Saturday, November 19, 2005

Is There Equality in the Heavens?

Frank asked, “So which matters more, inequality or poverty?” Russell seized on one phrase of my answer: “Let’s face it. Equality is not a value of the heavens.” Citing several proof-texts, he said I was “totally, spectacularly, and ridiculously wrong.” I’ll admit my response was a bit flippant, but if I’m going to be that wrong, let’s not hold back! For the sake of argument, in the venerable spirit of Bible-bashing I’ll cite a couple of other scriptures in response—if only to dig myself in deeper, and maybe learn something in the process.

In eternity, capacities and opportunities to build kingdoms will be exercised, and this requires ‘capital’ in some broad sense, for which the scriptures do not guarantee ‘equality’ as this term is often conceptualized. My original statement referred not to one’s relationship to God—which, as Russell pointed out, would be irrelevant—but instead to “degrees of glory,” as I said in my original answer. I was thinking along the lines of “an exceeding, and an eternal weight of glory” not available to all; and even beyond that, highlighting ‘inequalities’ even among those who are “true and faithful,” the parable of the talents. Note that even the profitable servants did not at either the beginning or end of the parable have the same amount, but each received and produced according to their capacity. (I suppose a philosophy of eternal beings that are 'uncreated unequal' underpins this, cf. Abraham 3).

What did equality come to mean with Joseph and Brigham in practice? They had by far the most ‘capital’ (wealth, lands, wives, authority, etc.). Presumably this was because they were most capacitated to do something worthwhile with it. In this light, the scriptures Russell cited might be interpreted in a couple of different ways. (1) They might involve early conceptions of a young, naive, immature Joseph, idealistic in a manner simply not consistent with reality. The latest scripture Russell cited was recorded in 1832. (2) The scriptural sense of ‘equality’ might mean not that everyone has the same amount of ‘stuff’ or ‘capital,’ but instead a condition in which the various grades of intelligences have access to the resources necessary to reach their full potential, and therefore maximize the benefit they can be to others, and therefore maximize the general welfare and prosperity.


And, does the world lie in sin? 

Comment by Stephen M (Ethesis) | 11/19/2005 11:03:00 PM  

Yeah, I guess that parable of the laborers kinda contradicts the parable of the talents, doesn't it? 

Comment by Christian Y. Cardall | 11/20/2005 12:00:00 AM  

I think the doctrine is that exalted beings are joint heirs/ co-equal/ share all power/ all glory/ have all power/ all things jointly among them... No such equality for beings who are not exalted. 

Comment by LisaB | 11/20/2005 06:48:00 PM  

LisaB,  that we will be joint-heirs with Jesus Christ is certainly a scriptural phrase. However, it's not obvious to me that this should be interpreted to mean that all power and glory will be held and shared and exercised "jointly" by all the exalted.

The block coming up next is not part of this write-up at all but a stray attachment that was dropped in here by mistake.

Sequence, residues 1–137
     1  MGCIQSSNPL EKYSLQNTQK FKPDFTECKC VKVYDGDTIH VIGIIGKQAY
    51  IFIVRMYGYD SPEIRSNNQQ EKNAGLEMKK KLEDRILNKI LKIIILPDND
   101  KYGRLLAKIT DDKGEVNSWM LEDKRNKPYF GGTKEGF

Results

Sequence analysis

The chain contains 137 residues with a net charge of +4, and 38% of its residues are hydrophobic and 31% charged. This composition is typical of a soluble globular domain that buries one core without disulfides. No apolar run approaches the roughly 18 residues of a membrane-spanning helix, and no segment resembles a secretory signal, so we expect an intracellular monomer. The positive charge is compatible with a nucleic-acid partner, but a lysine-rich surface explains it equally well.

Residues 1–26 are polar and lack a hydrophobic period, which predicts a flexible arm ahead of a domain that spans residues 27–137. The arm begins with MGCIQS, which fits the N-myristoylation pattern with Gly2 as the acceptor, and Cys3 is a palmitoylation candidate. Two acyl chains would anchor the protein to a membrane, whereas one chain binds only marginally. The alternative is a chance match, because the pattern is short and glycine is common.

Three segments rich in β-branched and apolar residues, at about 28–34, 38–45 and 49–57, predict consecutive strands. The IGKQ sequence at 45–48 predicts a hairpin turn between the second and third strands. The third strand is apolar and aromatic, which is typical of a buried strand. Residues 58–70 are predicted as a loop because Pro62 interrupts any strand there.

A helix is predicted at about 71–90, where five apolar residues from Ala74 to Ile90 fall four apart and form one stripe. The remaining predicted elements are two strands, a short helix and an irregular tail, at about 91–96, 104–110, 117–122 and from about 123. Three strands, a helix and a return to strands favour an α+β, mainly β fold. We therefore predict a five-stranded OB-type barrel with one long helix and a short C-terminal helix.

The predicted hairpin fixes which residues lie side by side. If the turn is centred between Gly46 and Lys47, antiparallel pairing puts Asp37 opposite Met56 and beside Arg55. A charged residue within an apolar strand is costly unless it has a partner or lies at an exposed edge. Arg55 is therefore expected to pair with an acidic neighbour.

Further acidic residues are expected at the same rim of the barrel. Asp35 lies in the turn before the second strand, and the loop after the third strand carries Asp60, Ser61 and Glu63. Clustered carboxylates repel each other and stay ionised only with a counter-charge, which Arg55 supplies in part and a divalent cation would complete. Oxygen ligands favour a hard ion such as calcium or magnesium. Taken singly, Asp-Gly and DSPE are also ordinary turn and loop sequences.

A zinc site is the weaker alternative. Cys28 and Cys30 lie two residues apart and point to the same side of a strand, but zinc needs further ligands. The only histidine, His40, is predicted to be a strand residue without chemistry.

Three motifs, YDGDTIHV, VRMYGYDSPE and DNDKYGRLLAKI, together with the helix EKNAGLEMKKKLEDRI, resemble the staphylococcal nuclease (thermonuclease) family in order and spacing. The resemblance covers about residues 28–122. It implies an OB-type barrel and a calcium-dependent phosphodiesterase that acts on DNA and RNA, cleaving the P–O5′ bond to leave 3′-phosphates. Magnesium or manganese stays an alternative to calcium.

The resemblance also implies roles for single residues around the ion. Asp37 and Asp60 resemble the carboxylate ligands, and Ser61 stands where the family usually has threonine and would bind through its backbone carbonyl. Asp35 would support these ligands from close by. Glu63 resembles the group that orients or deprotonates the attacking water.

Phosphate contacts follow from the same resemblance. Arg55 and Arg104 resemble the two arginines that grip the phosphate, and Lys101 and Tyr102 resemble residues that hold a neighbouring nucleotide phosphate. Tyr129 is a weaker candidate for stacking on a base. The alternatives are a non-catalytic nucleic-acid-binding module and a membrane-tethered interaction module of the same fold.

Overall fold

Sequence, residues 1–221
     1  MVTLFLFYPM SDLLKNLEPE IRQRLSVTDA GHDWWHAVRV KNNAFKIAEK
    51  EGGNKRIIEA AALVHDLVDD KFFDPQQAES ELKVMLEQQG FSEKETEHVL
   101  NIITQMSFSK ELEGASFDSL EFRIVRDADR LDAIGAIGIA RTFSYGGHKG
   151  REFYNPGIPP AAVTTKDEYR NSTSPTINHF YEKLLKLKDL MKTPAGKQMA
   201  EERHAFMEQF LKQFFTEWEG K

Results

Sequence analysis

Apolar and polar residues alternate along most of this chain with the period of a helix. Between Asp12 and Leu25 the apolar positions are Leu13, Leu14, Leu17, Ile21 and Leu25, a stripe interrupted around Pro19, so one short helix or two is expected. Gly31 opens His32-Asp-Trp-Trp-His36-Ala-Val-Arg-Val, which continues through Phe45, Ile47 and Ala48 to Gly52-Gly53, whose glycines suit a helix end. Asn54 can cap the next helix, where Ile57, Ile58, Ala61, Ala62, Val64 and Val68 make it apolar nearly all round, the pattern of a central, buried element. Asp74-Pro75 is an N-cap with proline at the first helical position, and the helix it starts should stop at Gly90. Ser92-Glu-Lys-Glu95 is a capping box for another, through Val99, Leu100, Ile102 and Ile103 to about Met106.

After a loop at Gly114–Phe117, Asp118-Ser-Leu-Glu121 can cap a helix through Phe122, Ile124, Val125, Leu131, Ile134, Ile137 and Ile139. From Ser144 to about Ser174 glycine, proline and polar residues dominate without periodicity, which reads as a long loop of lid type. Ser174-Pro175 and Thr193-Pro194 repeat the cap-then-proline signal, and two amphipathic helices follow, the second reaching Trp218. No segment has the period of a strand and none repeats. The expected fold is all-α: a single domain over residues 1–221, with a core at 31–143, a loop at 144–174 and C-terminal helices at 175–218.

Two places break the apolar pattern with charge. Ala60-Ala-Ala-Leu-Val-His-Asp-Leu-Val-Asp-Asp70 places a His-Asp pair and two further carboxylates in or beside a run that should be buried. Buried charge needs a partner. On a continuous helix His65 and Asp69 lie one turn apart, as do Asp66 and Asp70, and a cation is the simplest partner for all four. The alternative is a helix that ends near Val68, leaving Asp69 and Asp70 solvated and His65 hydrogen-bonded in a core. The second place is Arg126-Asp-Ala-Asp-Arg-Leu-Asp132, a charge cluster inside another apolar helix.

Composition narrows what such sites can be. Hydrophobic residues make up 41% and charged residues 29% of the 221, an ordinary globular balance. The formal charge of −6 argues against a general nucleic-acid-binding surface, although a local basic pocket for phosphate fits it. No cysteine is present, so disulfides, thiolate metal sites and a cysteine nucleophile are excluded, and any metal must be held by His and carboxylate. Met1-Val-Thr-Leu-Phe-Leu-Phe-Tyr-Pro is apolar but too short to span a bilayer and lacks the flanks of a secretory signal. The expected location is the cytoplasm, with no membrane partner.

For example, in the implementation of the law of consecration, having 'all things in common' did not mean all property was jointly used; instead individual stewardships were allocated and husbanded on an individual family basis. The community of the exalted could be similar. All the exalted (including Jesus Christ), while heirs of the Father, might exercise exclusive dominion over individual inheritances (kingdoms, newly created worlds, etc.). It is not clear that all such inheritances would necessarily be of the same initial size or grow at the same rate. 

Comment by Christian Y. Cardall | 11/20/2005 08:18:00 PM  

Ultimately, an understanding of what equality among the exalted would mean requires a concrete model of the exercise of power in eternity.

At present the only 'doctrine' we have on the nature of exaltation is D&C 132, which defines it as "a continuation of the seeds forever and ever" (verse 19 ), and explains further that a man's wives are "for their exaltation in the eternal worlds, that they may bear the souls of men" (verse 63). This is not a model accorded universal acclaim these days, but for now at least it's the only one in the canon.

In this model, then, all the exalted would be equal in the sense of having procreative capacity in eternity; but since under current doctrine and practice not all are sealed to the same number of spouses, some are more equal than others (to paraphrase Orwell's Animal Farm ).

Moreover, in this model, most would consider the exercise of this authority jointly among all the exalted somewhat awkward. 

Comment by Christian Y. Cardall | 11/20/2005 08:53:00 PM  

Consecration, in theory, also meant that everyone had according to their needs *and* wants, a pretty good indication that the "joint-heir" idea is correct. 

Comment by Pete D. | 11/21/2005 06:00:00 PM  

Pete,  I don't know if consecration was supposed to allow everyone to have their desires. Maybe so, eventually. Of course we would hope and expect heaven to be completely fulfilling. On the other hand, perhaps we would have to continue to exercise self-control in eternity, or there would be no point in making such a test of it here.

We have to be careful with the word "want ." Check out the first definitions of both the verb and the noun; it's not 'desire,' but instead need or lack. Perhaps that is the older (and scriptural) sense.  

Comment by Christian Y. Cardall | 11/21/2005 07:10:00 PM  



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